What Is Definition Of Food Quality

Quality of foods may be defined as the composite of those characteristics that
differentiate individual units of product; these characteristics should have
significance in determining the degree of acceptability of that unit by the

What Is Definition Of Food Quality

Some important characteristics of the food / food products are:

• Colour and gloss, viscosity and consistency, size and shape, texture and

• Nutritive values (vitamins, minerals) – hidden attributes.

Quality is commonly thought of as degree of excellence. It may be considered
as a set of specifications, which are to be met within given tolerances or limits.
Quality Control may be defined as the maintenance of quality at levels and
tolerances acceptable to the buyer while minimizing cost for the vendor.

Food Quality Attributes

The quality attributes referred to as sensory may readily be classified in
accordance with the human senses by which they are perceived. The sensory
attributes namely, the senses of sight, touch, taste and smell.
Classification of quality attributes
Some of the important sensory quality attributes are described below: 

Colour and gloss 

Colour is an appearance property due to spectral distribution of light.
Glossiness, transparency, haziness, and turbidity are properties of materials
due to the differences in reflectance and transmittance of light.
Physically, colour is a characteristic of light, measurable in terms of intensity
and wavelength. It arises from the presence of light in greater intensities at
some wavelengths than of others.
Light may be reflected, transmitted, absorbed, or refracted by the object being
illuminated. Spectrophotometers are used to measure colour of the products.


Viscosity or consistency is an appearance property of great importance to food
products such as ketchup, creams, juices, pulp, jams, jellies, syrups, etc. The
measurement may be used to indicate the consistency of the products. It may
also be used as an index to the amount of ingredient in the product.
Liquids flow as if they were composed of individual layers. The friction
resulting from the resistance to flow between the liquid layers is called
apparent viscosity. Brooke field or Ostwald viscometer is used to determine
the viscosity of the product.

Size and shape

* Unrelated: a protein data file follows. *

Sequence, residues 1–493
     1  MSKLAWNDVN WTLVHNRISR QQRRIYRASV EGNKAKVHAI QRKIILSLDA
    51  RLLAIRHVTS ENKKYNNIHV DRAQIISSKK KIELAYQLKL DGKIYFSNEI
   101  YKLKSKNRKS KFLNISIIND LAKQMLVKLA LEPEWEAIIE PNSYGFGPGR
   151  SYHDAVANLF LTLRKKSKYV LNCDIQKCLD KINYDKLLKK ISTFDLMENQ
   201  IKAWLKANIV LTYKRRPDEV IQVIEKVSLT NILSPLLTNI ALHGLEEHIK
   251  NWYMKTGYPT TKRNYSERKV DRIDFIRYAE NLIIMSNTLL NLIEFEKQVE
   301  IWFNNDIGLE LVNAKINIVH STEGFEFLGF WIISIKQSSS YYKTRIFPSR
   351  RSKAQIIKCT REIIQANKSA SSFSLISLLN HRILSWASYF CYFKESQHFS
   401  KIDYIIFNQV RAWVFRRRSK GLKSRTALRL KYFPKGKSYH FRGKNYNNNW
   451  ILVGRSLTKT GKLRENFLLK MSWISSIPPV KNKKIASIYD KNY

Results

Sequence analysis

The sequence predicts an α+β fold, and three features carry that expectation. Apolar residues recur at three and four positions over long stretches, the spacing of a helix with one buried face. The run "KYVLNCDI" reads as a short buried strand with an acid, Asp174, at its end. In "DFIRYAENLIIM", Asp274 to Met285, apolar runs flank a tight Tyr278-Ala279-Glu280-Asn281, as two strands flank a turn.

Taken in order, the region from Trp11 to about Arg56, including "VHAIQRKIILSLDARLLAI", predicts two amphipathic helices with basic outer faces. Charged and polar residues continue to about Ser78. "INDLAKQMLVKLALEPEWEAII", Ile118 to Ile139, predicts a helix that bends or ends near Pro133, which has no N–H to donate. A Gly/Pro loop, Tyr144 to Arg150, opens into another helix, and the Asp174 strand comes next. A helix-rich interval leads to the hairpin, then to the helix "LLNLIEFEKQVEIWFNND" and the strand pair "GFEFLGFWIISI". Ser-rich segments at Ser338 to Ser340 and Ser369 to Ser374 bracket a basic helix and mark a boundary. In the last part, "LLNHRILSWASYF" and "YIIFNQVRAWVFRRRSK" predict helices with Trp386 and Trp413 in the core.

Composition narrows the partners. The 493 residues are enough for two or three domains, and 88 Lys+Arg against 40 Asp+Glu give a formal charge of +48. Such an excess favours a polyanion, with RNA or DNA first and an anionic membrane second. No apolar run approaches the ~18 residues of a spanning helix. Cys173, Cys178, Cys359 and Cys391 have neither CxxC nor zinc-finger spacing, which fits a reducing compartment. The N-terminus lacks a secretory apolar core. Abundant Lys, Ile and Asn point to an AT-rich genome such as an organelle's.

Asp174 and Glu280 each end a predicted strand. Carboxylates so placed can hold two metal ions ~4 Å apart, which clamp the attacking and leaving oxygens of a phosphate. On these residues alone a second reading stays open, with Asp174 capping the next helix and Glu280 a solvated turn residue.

Grading into various size and shape categories is usually one of the first steps
in food processing operations. This may be accomplished by hand or by means
of mechanical sorters, using screens, reels, slots, etc. Grading helps in
maintaining uniformity.
• Defects
Defects have been defined as “imperfections, due to the absence of
something necessary for perfection, or the presence of something that
distracts from perfection”.
In grading foods for defects, tolerances may be established in terms of
maximum numbers of defective units allowable.
Defects may be classified into: 
1. Genetic – physiological, 
2. Entomological, 
3. Pathological, 
4. Mechanical, and 
5. Extraneous or foreign matter

Kinesthetics of texture

Kinesthetic characteristics deal with the sense of feel. They can be classified as
Finger feel:
• Firmness as encountered by the customer selecting a firm apple, measured
physically by compression.
• Softness or yield quality as in selecting a peach, or plum measured
physically by compression.
• Juiciness as in immature sweet corns where the thumbnail is used to test
the ease and amount of juice squeezed out of a kernel.
Mouth feel:

• Chewiness, as sensed by the resistance of the product to compression
and shearing action of the teeth.
• Fibrousness as sensed by the presence of an inedible residue remaining in
the mouth after mastication, as well as resistance to cutting forces of the
• Grittiness, as sensed by the presence of small grit particles, such as sand, or
stone cells. 
• Mealiness, as sensed by the coating of starch or other material with
adhesive properties, over mouth tissues.
• Stickiness, as sensed by the mouth while chewing foods with adhesive
• Oiliness, as sensed in the mouth, caused by oily or soapy products.
The characteristics may be determined by tenderometers, texture meters,
puncture meters, succulo meters, fibro meters and pressure testers

Flavour includes taste and odour/ aroma. Taste is a four-dimensional
phenomenon, consisting of sweet, sour, salt and bitter. Sweetness can be
measured by use of refractometers, sourness by pH meters, and saltiness by
flame photometer or by argentometric titration. Bitterness is not estimated but
compared to that of quinine sulfate. Odour/ aroma is determined by gas
Hidden characteristics

The hidden characteristics of quality are those, which the consumer cannot
evaluate with his senses, and yet are of real importance to his health and
economic welfare. 
Nutritive value is one of the hidden characteristics, which is
now considered by the consumer as an important attribute. Adulterants and
toxins are the other hidden characteristics. Toxins can be microbial toxins,
pesticide residues or heavy metals. 

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